In the early 1990s, Peggy Franklin spent some time as a traveling nurse. On her last assignment, she was an operating room (OR) nurse in the Caribbean Island of St. Thomas. For Franklin, it was a great experience not only to see what life is like in other parts of the world, but also to see how healthcare worked in a place other than the mainland US She learned that although the OR looked a lot like the ones she learned how to be a nurse in, the ways around the OR is a lot different than people may expect.
(Story told by Peggy Franklin to John Franklin)
Okay. Hello, I’m Peggy Franklin. I am a registered nurse and now a nurse anesthetist and several years ago in the 1990s I was a traveling nurse. Which entails picking up and moving every few months to a new assignment. It could be across the country and actually across the world, depending on where you’re interested in traveling.
Well, at the time I started traveling nursing. I was a nurse in the operating room at a university hospital. And yeah, I really enjoyed it. I also kind of specialized in heart surgery at the time and I decided I want to see more of the country and, and see how things were done in other places. So I filled out an application and my first assignment was in New Jersey. But prior to that, I’ve been working in Columbia, Missouri. At the University Hospital, there.
St. Thomas was actually my last assignment. And I was living in Idaho doing a traveling assignment there. And I had submitted an application to go to England to work. And this would have started in November of that year, which I think was ’91, maybe. And I was excited for that planning on it. And I got a call from my recruiter saying that Job had kind of fallen through due to some legislation or something in England. So as kind of a little perk she asked if I would like to go to St. Thomas and the US Virgin Islands, and I didn’t want to go, I was mad I couldn’t go to London. And ultimately, though, I said yes, because I couldn’t go to London.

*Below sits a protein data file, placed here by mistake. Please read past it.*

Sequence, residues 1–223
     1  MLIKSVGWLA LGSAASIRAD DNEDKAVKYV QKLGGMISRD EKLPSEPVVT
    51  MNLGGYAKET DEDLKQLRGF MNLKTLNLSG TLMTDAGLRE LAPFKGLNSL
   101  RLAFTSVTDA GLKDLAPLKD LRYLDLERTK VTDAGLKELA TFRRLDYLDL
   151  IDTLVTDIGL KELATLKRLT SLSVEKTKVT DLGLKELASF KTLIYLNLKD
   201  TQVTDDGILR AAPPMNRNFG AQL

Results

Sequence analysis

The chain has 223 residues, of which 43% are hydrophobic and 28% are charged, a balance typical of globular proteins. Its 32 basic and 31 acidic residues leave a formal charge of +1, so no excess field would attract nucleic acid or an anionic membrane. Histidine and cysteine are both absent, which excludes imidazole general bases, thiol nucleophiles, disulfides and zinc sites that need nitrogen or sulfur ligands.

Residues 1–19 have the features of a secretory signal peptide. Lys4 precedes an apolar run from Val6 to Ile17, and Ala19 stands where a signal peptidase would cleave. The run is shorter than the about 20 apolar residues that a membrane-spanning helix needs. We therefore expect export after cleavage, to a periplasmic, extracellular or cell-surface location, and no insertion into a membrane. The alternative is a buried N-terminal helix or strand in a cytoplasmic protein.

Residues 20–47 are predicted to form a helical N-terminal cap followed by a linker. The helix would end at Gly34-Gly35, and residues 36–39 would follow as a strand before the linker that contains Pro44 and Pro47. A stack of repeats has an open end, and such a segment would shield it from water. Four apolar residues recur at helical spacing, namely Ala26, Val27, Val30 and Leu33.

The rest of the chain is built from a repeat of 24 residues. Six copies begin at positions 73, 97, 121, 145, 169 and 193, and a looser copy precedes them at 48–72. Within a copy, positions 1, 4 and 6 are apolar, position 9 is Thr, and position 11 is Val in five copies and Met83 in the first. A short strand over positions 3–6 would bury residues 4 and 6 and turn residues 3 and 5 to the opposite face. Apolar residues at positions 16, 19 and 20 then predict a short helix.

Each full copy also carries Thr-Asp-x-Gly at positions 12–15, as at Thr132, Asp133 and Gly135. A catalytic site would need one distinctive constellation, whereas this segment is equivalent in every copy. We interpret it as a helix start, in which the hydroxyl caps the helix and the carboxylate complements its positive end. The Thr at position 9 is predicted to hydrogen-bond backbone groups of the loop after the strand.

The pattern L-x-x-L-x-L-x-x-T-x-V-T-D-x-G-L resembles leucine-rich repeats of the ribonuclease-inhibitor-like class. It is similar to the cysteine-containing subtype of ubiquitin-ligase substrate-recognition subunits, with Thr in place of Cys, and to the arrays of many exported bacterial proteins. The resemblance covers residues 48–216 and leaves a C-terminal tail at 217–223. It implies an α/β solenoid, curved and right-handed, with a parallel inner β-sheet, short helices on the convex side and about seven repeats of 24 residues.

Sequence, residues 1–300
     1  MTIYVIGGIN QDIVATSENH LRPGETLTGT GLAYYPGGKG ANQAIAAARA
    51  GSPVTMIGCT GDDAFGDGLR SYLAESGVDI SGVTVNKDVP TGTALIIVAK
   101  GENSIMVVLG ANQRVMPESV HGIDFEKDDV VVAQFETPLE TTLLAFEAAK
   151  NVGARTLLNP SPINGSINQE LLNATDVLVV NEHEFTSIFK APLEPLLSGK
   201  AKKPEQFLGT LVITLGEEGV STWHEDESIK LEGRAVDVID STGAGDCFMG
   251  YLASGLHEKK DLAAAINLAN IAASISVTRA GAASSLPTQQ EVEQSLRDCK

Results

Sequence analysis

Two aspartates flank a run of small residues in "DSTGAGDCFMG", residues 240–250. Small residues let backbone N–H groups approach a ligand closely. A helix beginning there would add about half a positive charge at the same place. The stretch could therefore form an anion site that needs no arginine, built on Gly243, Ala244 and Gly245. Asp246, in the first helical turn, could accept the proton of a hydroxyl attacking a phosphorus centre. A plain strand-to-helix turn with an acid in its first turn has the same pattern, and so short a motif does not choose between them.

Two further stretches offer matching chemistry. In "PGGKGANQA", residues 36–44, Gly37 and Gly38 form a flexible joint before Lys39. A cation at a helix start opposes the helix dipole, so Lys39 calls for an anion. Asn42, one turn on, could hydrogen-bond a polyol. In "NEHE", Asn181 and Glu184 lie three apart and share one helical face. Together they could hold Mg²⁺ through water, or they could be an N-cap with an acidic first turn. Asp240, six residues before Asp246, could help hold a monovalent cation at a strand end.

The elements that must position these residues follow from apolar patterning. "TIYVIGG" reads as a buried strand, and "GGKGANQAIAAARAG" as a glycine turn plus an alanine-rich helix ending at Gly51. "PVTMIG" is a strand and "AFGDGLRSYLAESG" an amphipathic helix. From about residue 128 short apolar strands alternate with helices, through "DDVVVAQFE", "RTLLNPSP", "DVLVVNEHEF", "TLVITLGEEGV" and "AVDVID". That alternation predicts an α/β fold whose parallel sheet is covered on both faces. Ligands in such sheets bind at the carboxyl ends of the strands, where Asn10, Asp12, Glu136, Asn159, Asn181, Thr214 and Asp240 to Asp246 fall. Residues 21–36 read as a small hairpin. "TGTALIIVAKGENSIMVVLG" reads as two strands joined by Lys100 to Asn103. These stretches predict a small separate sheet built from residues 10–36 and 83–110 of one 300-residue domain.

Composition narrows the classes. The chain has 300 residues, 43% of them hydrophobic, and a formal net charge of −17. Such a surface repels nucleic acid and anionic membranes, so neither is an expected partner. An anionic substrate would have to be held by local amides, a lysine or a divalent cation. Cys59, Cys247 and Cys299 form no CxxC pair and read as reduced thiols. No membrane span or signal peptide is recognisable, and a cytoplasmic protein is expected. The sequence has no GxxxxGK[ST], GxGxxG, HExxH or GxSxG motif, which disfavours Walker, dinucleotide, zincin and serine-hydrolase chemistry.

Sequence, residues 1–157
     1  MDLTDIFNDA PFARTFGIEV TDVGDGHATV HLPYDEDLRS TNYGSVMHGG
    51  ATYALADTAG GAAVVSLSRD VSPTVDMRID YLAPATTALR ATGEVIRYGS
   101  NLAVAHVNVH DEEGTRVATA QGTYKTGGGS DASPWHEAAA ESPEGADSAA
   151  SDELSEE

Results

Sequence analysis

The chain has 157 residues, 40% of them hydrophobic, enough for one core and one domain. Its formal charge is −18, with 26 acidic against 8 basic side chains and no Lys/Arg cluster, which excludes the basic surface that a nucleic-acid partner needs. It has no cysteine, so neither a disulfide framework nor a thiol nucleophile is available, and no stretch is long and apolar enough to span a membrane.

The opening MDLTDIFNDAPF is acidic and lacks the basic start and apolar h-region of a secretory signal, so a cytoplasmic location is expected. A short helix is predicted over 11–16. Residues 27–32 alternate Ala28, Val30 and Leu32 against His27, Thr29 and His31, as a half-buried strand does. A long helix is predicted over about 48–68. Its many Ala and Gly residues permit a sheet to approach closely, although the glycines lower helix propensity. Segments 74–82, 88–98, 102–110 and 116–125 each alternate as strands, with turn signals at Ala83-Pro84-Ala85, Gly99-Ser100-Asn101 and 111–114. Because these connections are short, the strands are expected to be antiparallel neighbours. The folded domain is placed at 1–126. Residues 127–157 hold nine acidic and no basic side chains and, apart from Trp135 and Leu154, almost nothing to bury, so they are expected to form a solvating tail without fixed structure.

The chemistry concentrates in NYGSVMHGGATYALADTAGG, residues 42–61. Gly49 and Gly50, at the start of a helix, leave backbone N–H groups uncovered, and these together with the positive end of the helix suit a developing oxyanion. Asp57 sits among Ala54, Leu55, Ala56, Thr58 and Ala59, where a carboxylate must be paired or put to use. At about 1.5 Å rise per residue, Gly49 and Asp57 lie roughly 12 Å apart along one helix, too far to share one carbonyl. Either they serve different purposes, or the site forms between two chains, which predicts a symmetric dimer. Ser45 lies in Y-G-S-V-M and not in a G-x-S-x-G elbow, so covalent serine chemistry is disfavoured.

Everywhere I’d been in the United States. It was all pretty standard. I think most of the places I was at, well I was gonna say I think most of them were university hospitals or teaching hospitals. But I think some of them were private as well. But anyway, once I got to St. Thomas, it was shocking to me. Well, actually a lot of things but how it had, how things ran or didn’t run, and how the remote location kind of played into some of the situations there and and the differences between being in mainland USA
In St. Thomas, it’s a smaller hospital than what I had been used to working in and they did General surgery, which kind of embrace everything outside of orthopedics or neurosurgery or heart surgery, but no, they didn’t do those bigger services in St. Thomas. It was a lot of general surgery for appendixes that had ruptured like say people on cruise ships that had gotten sick or broken a bone. Those kinds of things and then we didn’t do a lot of obstetrics, like cesarean delivered that I recall though, they must have happened in that hospital.
Well, I learned how cushy we have it in the United States where we have high expectations about our health care, to drugs we get that they’ll be there on time that everything we need is kind of right there. Or within a few miles distance from our homes. And I realized in St. Thomas, that wasn’t the case. You know, they might be out of things. And they might not be in for a week or two depending on when they would arrive through the mail or a ship or whatever. And also there wasn’t a terribly high level of care there. You would if you were very sick, they would have to transport you to Puerto Rico or possibly even Miami to get the kind of care you need. So I guess Yeah, kind of kind of the insurance that you’re gonna have what you need. That it will always be there is one of the primary things I noticed that we’re lacking in the Virgin Islands at that time, anyway.